I thought this whole set-up was great, offering a lot of possibilities for both characterization and tension. Wick and Lily live with their foster parents, Todd and Bren, but also under the shadow of their mother's death and their father's drug dealing. Wick is wary and prickly, in contrast to Lily, who's more sunny and optimistic. Lily's happy to take the new clothes that Bren buys her and forget her past, while Wick clearly fears that she might be a little too much like her lawbreaking father. Guy-next-door Griff was also an intriguing character and the developing relationship between him and Wick was fun to watch.
So… I have zero basis to evaluate the plausibility of the hacking undertaken in this book. But if you're a regular blog reader, you know that I'm a HUGE mystery fan. As a result, I'm probably more nitpicky about mysteries than any other kind of book. As soon as one particular character appeared on the page, it was as if s/he was wearing a giant sign with an arrow that said "I Did It." I'm not always 100% correct at guessing the culprit in mysteries, but given the clues revealed in Tessa's diary, it seemed to me that there were really no other viable suspects.
Then we have the matter of Wick's involvement in the mystery. I feel strongly that amateur detectives -- unless they are nosy old ladies in small English or American villages with nothing better to do -- need some sort of personal stake in solving a crime. Wick and Tessa weren't close friends, so there was really no compelling reason for a standoffish person like Wick to get involved. (Yes, there was the matter of the killer targeting Lily, but that seemed a little overwrought and, in the end, made the identity of the killer a little improbable.) The second problem faced by amateur detectives is access to the details of the case. Luckily, that was not an issue in Find Me, as rather than poring over (or hacking into) police reports, Wick used her computer skills to flush the killer out. I enjoyed this "cat and mouse" aspect of the book a lot.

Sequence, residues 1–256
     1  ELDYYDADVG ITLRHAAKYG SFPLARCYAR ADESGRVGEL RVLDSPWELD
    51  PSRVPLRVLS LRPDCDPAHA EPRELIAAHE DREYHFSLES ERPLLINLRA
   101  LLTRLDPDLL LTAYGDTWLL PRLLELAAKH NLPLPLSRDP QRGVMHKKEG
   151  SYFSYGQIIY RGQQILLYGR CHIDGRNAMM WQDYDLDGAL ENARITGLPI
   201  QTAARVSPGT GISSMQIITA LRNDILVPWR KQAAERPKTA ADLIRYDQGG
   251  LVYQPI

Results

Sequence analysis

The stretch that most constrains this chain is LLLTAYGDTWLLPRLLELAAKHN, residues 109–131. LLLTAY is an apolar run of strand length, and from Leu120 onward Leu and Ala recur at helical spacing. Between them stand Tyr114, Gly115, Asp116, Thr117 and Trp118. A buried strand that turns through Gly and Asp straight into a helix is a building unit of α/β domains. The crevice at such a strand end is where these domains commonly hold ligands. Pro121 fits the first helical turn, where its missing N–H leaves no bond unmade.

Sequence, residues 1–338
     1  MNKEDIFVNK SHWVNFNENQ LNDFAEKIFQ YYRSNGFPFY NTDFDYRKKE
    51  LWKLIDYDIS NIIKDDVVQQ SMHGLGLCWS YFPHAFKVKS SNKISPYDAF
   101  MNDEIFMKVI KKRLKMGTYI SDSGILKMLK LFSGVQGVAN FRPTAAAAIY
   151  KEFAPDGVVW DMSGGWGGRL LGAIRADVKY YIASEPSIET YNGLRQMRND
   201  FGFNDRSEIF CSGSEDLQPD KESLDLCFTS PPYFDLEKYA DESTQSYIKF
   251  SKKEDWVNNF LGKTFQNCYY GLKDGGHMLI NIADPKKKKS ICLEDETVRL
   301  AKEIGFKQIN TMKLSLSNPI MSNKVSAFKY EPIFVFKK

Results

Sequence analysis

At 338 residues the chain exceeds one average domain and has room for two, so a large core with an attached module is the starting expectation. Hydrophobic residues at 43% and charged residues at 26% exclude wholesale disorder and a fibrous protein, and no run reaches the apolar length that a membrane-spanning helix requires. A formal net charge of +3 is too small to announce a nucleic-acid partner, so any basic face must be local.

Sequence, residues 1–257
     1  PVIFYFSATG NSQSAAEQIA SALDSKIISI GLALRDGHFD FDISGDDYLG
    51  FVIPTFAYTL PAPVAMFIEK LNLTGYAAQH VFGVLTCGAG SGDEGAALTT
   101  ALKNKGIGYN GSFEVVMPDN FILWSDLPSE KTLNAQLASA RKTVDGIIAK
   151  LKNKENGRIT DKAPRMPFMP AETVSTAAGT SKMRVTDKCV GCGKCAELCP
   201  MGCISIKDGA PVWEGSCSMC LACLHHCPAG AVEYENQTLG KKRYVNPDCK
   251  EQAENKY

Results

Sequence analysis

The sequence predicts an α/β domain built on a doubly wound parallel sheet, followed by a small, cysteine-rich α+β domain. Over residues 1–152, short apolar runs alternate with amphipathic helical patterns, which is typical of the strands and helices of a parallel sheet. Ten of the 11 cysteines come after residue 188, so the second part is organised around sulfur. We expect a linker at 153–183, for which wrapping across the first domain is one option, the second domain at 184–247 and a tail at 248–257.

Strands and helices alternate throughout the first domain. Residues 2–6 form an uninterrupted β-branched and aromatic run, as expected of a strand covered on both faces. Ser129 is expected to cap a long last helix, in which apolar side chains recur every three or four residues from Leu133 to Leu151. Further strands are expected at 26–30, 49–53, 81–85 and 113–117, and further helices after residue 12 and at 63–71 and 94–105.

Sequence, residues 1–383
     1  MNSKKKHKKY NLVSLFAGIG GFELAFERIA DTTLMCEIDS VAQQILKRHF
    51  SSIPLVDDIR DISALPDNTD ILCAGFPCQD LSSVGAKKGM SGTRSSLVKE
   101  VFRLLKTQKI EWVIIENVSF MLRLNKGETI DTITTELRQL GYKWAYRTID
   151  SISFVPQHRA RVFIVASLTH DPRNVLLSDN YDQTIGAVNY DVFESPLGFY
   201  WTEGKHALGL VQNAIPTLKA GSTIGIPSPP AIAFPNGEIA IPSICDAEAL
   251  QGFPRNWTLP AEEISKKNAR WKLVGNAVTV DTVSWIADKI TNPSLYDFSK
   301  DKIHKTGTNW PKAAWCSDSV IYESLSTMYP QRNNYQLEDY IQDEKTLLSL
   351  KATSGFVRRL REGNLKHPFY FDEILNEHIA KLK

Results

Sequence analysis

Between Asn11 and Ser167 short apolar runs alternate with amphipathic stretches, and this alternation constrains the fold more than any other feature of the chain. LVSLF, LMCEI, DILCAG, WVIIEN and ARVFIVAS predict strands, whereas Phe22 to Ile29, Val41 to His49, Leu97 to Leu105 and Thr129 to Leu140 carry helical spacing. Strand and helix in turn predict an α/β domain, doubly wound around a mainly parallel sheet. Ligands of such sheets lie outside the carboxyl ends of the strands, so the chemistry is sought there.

Not everything was neatly tied up by the last page, but then the last page also makes it clear that Wick's crime-solving days are far from over. That's great, because I'm a fan of this book and of Wick, Detective Carson, and Griff, and will enthusiastically read the next installment of their story.